SAN DIEGO, March 25 (UPI) -- A U.S. study suggests black carbon produced by diesel exhaust, biomass burning and solid fuel cooking contributes more to global warming than thought.
University of California-San Diego researchers have found black carbon pollution has a warming effect in the atmosphere three to four times greater than prevailing estimates.
Scripps Institution of Oceanography atmospheric scientist Veerabhadran Ramanathan and University of Iowa chemical engineer Greg Carmichael have found soot and other forms of black carbon could have as much as 60 percent of the current global warming effect of carbon dioxide -- more than that of any greenhouse gas besides CO2.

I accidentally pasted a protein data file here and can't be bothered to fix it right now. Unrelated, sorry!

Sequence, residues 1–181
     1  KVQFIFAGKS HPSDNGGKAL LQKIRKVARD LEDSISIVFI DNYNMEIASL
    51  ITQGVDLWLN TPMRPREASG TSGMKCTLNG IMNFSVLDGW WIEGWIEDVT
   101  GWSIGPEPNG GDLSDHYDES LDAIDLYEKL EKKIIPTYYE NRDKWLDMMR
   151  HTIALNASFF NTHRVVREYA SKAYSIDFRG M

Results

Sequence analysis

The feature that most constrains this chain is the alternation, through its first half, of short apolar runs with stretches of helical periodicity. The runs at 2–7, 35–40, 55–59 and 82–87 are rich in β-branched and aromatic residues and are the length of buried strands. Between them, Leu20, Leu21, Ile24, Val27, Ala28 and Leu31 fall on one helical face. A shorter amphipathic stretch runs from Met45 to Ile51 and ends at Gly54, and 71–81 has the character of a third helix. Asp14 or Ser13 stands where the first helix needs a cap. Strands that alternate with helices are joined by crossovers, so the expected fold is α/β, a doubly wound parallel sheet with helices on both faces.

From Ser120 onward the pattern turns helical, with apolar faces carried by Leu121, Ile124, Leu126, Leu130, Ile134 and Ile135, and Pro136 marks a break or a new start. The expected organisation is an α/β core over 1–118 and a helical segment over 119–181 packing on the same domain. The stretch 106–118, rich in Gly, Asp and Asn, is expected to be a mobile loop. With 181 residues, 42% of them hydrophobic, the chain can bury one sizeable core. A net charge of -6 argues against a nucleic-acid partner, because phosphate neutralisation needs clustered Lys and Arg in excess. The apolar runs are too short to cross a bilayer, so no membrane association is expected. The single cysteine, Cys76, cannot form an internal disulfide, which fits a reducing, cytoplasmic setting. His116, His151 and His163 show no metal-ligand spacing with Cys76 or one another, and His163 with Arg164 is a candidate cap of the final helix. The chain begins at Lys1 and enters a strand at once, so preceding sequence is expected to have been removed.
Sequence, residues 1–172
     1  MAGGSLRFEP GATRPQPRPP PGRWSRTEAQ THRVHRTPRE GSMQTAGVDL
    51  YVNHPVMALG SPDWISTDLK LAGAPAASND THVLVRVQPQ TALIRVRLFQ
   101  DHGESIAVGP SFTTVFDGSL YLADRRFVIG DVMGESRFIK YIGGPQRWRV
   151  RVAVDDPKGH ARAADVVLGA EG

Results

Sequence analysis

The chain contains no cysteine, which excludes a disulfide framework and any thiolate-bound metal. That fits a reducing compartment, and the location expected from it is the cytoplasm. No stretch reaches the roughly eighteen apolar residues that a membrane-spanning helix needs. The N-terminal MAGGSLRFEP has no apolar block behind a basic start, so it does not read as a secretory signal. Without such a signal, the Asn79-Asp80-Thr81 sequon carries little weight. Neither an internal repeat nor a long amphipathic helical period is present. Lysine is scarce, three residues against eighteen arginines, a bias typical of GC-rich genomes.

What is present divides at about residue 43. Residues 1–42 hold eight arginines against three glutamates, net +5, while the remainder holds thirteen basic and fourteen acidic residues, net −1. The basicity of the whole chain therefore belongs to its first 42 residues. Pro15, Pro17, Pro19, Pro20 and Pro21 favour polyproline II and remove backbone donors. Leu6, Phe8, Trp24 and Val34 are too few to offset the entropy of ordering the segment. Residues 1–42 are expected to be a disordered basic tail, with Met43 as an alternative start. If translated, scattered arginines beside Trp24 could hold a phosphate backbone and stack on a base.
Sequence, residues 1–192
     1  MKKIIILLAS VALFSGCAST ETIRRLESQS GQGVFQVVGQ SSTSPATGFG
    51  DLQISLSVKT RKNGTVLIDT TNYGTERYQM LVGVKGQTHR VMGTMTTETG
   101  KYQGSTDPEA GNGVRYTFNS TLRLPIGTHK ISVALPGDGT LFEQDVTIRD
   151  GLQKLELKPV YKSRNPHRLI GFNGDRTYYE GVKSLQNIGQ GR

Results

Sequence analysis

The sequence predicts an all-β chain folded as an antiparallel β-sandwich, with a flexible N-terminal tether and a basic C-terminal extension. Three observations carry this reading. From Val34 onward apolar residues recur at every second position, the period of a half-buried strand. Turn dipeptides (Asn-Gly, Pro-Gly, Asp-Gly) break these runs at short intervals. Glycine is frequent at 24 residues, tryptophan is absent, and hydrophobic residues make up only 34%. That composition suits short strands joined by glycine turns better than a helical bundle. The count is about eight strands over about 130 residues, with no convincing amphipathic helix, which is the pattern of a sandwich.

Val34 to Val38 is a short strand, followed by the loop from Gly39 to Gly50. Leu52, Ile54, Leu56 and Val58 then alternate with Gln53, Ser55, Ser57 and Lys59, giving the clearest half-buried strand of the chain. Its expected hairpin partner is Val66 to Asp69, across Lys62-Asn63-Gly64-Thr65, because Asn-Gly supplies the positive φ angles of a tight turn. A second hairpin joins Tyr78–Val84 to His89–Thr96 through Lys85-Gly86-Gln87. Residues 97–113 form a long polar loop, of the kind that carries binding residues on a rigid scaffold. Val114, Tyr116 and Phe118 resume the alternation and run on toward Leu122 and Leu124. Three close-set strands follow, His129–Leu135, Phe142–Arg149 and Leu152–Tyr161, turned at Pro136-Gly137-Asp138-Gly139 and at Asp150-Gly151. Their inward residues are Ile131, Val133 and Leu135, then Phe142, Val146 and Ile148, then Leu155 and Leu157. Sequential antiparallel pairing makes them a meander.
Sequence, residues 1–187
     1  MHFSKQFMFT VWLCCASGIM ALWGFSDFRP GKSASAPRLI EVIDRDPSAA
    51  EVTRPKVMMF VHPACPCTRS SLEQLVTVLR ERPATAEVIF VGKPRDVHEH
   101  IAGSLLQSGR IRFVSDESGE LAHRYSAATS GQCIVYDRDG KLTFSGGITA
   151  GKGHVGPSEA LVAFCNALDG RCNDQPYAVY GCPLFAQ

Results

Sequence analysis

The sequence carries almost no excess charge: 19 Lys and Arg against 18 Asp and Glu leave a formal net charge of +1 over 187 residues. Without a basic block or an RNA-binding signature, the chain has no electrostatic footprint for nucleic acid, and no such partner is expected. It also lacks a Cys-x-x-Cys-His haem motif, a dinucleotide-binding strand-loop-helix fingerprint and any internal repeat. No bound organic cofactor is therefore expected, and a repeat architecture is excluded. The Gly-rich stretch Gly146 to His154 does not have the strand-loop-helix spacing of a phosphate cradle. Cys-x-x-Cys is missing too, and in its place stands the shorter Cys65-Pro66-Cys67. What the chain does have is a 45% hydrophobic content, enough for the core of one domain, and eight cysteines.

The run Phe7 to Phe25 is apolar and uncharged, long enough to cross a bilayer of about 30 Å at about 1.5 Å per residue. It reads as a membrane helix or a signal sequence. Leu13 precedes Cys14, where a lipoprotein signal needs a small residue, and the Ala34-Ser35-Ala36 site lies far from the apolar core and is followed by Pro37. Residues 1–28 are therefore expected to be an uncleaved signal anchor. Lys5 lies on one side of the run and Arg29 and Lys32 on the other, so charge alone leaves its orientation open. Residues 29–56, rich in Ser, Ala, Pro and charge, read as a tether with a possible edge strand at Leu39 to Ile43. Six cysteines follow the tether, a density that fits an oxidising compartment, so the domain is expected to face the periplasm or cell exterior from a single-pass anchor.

The researchers also noted, however, mitigation would have immediate societal benefits in addition to the long-term effect of reducing greenhouse gas emissions.
"Observationally based studies such as ours are converging on the same large magnitude of black carbon heating as modeling studies from Stanford, Caltech and NASA," said Ramanathan. "We now have to examine if black carbon is also having a large role in the retreat of arctic sea ice and Himalayan glaciers as suggested by recent studies."
The researchers' findings appear online in the journal Nature Geoscience.